Mid Level to Senior Associates
In the mid-level to senior associate realm, the same prejudices that the largest firms have about grades are still present. The largest and very most prestigious firms still are generally quite interested in your grades. Nevertheless, as recruiters we have noticed a greater willingness of firms to "look the other way" or not take grades as seriously as they definitely would for law students and to a lesser extent would for junior associates.
The Midlevel Associate
As a midlevel associate, firms are generally most concerned about your legal skills and the potential you show. If you are coming from a firm with some stature, then law firms will assume you have the training that they need. Midlevel associates are typically quite profitable for firms because they can efficiently do the work at rates that clients will not balk at. As a midlevel associate, most firms will look at your grades. Nevertheless, firms' largest concern will be with your ability to do the work and the potential you show for growth within the firm.
The same illustrations outlined above regarding (1) your specialization, (2) the number of attorneys still practicing, (3) your geographic commitment, and (4) the firms that have given you high-level training become even more important for midlevel associates than they are for junior associates.
The Senior Associate
After several years of practice, the same four factors identified above become increasingly important in firms' evaluation of your relative strengths. In addition, firms become more concerned with your potential to make partner and your business generation abilities. At this level, these other concerns far outweigh grades at 99% of firms.
At the partner level, grades have almost no importance. Concerns about your business-generation ability and other factors assume an importance far beyond your grades. In fact, we would estimate that in 7 out of 10 partner placements we make the firms hire our candidates without ever requesting to see their grades. There are, of course, exceptions to the rule. In fact, there are some super prestigious national firms that will continue considering your grades to be of paramount importance throughout your career. On some occasions, we have seen partners who were national figures in their practice area with multi-million dollar books of business not get interviews because of their law school grades. Nevertheless, this occurs quite infrequently.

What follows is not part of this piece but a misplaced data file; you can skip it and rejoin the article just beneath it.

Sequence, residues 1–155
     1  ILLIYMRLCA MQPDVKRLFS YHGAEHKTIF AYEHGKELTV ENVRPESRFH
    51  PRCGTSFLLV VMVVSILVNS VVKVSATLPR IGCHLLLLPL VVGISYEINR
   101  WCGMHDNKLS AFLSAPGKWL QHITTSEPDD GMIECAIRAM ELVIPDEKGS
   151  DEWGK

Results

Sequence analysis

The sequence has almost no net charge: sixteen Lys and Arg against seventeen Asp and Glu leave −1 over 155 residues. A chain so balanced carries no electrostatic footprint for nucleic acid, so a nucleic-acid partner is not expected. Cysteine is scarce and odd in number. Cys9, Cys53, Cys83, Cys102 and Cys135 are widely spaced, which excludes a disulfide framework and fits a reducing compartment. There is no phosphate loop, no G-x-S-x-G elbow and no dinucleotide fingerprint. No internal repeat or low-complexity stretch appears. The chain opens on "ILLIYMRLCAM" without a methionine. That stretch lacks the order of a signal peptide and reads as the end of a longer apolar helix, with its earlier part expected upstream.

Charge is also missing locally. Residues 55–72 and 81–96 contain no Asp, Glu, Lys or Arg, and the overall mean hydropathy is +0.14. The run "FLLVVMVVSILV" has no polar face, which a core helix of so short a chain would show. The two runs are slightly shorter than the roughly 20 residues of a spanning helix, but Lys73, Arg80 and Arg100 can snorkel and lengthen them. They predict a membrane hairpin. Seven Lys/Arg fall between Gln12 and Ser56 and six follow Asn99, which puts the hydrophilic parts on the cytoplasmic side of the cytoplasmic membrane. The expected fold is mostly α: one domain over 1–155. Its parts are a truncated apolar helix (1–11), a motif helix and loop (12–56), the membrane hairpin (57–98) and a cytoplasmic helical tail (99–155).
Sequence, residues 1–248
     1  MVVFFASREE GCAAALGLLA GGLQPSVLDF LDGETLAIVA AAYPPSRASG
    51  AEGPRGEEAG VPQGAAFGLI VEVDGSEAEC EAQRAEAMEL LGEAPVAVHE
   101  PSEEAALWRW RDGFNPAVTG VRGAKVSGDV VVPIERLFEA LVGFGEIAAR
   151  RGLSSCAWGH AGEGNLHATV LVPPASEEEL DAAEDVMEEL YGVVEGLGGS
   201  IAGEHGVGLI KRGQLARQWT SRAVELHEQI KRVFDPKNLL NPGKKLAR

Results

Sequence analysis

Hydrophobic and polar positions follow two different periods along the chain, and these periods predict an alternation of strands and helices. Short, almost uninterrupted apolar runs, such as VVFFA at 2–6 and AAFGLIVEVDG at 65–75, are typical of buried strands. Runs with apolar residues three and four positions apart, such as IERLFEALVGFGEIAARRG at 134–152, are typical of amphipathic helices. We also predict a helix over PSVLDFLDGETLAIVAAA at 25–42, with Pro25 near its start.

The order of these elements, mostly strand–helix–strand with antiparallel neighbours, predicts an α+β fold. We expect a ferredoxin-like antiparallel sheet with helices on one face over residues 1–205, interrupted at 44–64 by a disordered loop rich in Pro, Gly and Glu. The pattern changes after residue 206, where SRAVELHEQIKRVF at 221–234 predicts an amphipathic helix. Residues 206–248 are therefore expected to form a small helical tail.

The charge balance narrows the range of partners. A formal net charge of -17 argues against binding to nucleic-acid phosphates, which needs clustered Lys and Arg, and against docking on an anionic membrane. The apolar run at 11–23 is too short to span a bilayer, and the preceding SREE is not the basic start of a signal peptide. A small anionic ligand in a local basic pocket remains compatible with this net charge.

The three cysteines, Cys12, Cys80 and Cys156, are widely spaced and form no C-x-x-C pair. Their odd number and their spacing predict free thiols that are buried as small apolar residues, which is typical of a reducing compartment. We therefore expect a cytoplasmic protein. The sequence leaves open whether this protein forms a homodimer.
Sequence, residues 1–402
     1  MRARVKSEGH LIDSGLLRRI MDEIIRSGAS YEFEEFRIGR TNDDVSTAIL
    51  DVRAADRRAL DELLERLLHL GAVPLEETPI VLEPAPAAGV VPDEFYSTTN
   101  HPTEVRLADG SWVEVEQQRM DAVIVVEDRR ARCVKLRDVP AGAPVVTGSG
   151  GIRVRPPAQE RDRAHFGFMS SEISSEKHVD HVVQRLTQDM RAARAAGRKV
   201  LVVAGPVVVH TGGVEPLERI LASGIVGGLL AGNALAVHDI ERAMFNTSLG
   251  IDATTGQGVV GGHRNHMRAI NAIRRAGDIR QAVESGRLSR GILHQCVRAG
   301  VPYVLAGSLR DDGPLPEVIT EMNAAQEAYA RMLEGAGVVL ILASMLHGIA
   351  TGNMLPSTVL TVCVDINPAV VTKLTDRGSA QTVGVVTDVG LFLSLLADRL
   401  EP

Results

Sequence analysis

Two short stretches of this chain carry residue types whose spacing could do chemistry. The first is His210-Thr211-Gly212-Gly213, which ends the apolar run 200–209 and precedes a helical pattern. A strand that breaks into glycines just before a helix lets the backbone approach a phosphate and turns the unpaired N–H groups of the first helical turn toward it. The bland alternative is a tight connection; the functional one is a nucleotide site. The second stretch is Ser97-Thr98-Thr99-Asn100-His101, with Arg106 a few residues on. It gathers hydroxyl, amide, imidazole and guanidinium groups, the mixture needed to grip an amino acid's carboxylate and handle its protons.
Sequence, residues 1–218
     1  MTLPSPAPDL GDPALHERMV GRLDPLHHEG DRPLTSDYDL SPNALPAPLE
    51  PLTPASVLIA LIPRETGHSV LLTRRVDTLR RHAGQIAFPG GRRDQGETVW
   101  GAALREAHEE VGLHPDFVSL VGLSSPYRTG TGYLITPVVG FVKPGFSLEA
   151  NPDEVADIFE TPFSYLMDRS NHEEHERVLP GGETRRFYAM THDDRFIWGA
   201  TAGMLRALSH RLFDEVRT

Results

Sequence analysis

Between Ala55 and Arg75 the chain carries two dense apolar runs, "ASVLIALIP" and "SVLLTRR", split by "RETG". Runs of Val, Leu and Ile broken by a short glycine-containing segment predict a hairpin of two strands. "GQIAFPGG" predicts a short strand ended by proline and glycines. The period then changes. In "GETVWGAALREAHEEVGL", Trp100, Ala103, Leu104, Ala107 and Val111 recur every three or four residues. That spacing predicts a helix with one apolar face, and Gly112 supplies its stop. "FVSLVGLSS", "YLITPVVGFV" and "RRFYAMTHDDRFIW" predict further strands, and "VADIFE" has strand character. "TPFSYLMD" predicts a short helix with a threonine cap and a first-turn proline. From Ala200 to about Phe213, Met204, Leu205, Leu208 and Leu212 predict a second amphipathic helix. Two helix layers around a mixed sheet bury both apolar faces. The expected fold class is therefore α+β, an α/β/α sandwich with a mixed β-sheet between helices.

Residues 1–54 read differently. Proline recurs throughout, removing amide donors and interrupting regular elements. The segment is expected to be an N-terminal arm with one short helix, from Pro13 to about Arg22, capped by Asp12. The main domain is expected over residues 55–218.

Grades are most important for law students. At the junior associate level they become less important and become even more so throughout your career. While law school is three short years, your legal career can span over 30 years. Accordingly, it goes without saying that your law school performance is by no means the most important indicator of the success you will have in the practice of law. Nevertheless, there are some American law firms where your grades will prevent you from getting a position throughout your career. However, with all the opportunities available in the market, one's law school grades 10, 5 or even 1 year after law school are not something that will hold you back with most firms if you have managed other aspects of your career correctly.